Natalie is an Alaskan printmaker with an interest in natural history. She creates woodcuts, monotypes, and other prints based on her day-to-day experiences of seeking out the natural world around her. Her favorite influences are naturalist/artists of the past including John James Audubon, Walter Inglis Anderson, and William D. Berry. Alaska’s wealth of plant and animal life and their mortality are common themes in her art. She was BLM Artist in Residence in the White Mountains National Recreation Area in the spring of 2016. She resides in the Goldstream Valley and Salcha.
Somer Hahm is a visual artist living and making work in Fairbanks, Alaska. She received a BFA from University of Montana, Missoula in 2005 and an MFA in painting and drawing in 2008 from the University of Alaska, Fairbanks. Her work draws directly from nature, often combining colorful abstraction with flora and fauna. She’s specifically inspired by the birds and plants found locally in the Tanana Valley. More recently, her work has investigated concepts of interpersonal connections through the act of painting. In 2018, Somer was named Artist of the Year by the Northern Alaska Environmental Center.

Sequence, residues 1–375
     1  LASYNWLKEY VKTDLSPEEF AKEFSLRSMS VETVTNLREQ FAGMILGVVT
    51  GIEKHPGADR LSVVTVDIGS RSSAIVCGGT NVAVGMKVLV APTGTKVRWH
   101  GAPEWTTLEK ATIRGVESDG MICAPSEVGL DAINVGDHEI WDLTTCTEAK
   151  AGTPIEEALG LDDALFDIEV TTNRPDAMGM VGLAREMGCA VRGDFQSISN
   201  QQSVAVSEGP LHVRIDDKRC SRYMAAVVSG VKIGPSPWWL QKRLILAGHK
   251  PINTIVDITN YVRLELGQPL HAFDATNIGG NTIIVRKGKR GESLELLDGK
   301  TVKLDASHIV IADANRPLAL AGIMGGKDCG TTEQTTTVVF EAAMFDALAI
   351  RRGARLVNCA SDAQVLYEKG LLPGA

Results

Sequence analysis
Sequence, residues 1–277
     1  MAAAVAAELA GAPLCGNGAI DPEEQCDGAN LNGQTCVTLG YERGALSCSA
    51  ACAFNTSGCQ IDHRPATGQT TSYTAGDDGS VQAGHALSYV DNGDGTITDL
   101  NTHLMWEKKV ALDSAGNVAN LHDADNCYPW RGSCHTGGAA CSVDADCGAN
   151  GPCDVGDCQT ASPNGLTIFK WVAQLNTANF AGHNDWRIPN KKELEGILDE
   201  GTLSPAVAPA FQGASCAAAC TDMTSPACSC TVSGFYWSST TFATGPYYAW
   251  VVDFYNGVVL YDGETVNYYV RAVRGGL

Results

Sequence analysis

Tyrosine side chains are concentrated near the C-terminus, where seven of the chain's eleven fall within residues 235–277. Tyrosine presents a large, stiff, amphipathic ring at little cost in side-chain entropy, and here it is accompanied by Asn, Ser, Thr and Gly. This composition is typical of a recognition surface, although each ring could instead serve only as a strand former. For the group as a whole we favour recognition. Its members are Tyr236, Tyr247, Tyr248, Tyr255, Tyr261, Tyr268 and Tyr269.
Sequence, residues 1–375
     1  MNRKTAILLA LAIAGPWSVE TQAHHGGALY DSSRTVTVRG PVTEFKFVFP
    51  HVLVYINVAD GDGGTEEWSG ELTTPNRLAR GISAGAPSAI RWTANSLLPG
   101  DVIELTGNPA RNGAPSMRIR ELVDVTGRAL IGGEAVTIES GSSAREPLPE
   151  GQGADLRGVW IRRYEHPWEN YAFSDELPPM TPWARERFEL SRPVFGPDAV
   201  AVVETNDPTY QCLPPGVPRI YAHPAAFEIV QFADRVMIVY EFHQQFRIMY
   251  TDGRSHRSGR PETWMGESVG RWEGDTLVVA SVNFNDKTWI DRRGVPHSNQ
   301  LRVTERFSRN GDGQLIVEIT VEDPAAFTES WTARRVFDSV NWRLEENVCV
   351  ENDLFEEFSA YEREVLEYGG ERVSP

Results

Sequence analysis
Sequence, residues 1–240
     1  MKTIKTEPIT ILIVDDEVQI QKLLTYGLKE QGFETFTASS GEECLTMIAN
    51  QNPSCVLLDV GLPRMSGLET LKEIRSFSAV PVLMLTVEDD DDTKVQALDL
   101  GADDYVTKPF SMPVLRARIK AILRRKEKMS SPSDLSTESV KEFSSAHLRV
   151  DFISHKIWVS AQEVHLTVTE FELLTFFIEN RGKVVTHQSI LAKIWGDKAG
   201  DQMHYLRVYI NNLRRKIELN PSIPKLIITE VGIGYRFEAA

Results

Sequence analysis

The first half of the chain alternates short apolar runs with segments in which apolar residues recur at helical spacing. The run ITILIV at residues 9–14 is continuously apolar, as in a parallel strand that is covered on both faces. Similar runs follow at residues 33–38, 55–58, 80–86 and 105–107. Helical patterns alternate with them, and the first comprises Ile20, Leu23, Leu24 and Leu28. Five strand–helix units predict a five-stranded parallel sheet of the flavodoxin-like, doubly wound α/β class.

“Photography has been in my blood since I was a young girl. My grandfather instilled in me the love of capturing the natural world in images to be share with others. I moved to Alaska from Pennsylvania via New Mexico in 1996 and first worked two summers in Denali before putting down roots in Fairbanks in 1997. The aurora is undoubtedly one of my strongest passions because the canvas with which she works is so large and the picture she paints is so different each time. I carry my camera with me at all times because all of Alaska is wondrous to me.”
Elizabeth Eero Irving is a professional studio artist and third generation Alaskan. She received her BFA from Cornish College and MFA from Johnson State College at the Vermont Studio Center. In addition to her own studio painting practice, she is an independent curator of exhibits for other artists, teaches art workshops, and is the founding member of Fairbanks Sketchers. She is a recipient of a Rasmuson Individual Artist Award and a Connie Boocheever Artist Fellowship. When not making art, she loves skiing, bike touring, chain sawing firewood, and volunteering in feline rescue.